The 7 p.m. clap is long gone, overwhelmed by the protests for racial justice that took over the city this summer. In 2020 time, it feels like ages ago that New Yorkers took to their stoops and windows to bang pots and pans and cheer for the city’s essential workers who were powering us through the early days of the pandemic.
The clap is gone but the essential workers are still there, driving trains, delivering your food orders, cleaning the streets, collecting trash, stocking the shelves at grocery stores and keeping the bodegas running all night long. And of course: all the medical professionals working to keep us safe, swabbing our noses and keeping the lines at the COVID testing sites moving along. As New York tilts into a potential second wave of the pandemic, the holiday week is the perfect time to thank all these behind-the-scenes workers who have been keeping the city humming for eight months.
We profiled several of these workers in the neighborhood over the summer, to give you a sense of what they’ve been going through. “Since people are home now more often, the weight of the garbage has gotten a lot heavier,” sanitation worker Anthony Paolicelli told the Downtown Alliance. “I handle it, and let me tell you, I can feel it.”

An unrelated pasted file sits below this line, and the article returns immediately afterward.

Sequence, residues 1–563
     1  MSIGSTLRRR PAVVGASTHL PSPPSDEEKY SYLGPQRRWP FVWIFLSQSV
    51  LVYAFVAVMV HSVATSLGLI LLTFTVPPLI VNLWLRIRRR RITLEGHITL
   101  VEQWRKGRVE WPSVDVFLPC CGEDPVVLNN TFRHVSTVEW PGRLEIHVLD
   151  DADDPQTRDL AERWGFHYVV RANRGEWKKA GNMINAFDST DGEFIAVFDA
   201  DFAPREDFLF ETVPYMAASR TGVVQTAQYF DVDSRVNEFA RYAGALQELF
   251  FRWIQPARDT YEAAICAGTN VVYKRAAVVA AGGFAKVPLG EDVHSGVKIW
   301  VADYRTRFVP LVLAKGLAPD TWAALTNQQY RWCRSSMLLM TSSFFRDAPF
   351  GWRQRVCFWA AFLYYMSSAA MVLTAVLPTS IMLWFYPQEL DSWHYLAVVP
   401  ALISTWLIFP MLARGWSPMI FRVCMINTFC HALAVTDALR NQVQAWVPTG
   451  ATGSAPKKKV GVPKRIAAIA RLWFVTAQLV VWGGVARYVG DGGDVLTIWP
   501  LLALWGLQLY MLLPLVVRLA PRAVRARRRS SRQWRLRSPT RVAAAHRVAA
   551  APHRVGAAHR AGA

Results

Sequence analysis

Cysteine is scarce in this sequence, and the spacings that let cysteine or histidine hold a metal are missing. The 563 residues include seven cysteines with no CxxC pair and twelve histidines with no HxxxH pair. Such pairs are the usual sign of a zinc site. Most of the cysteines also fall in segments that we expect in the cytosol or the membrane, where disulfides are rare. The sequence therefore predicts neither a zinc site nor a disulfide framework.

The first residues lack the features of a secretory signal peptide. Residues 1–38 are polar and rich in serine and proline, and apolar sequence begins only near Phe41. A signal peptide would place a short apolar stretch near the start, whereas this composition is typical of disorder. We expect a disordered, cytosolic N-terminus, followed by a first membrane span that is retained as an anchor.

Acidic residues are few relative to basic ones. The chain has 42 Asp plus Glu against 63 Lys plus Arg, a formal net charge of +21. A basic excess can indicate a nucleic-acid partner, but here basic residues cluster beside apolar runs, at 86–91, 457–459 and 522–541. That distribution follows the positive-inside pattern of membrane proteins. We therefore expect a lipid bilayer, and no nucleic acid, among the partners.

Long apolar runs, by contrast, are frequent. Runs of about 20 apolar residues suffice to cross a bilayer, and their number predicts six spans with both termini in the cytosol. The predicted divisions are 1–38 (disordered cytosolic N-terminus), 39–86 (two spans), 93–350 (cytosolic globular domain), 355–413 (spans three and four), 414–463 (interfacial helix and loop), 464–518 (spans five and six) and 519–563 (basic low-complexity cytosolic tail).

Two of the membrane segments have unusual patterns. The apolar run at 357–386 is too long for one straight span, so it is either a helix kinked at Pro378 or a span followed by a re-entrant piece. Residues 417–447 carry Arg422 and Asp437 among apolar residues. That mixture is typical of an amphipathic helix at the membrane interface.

They’re not the only ones: restaurant workers are dealing with an uncertain future and a potential loss of jobs, and even salons are trying to stay afloat as office traffic in the neighborhood has dried up.
This Thanksgiving week is the strangest one in recent memory: the CDC and local public health officials are pleading with people not to travel or see family outside their immediate households. This means more people will be staying around Lower Manhattan this week than usual for the holiday, which means more workers will be on the frontlines keeping the stores open and the services operational.
If you can’t give thanks to your family in person this year, use this holiday to remember the spirit of the 7 p.m. clap and give thanks to the essential workers and service workers you see around the neighborhood. Essential workers are often some of the hardest working people in the city and least paid. They’re also getting sick while doing their jobs.
So tip a little extra to your delivery person (remember that cash tips are always better!), be extra patient with the long line at the grocery store, say thank you to a mail carrier and absolutely do not get an attitude with the nice nurse sticking the swab up your nose. Yes it’s supposed to hurt that much. And most importantly: wear a mask whenever you thank them. We’re going to need them more than ever in the next few weeks.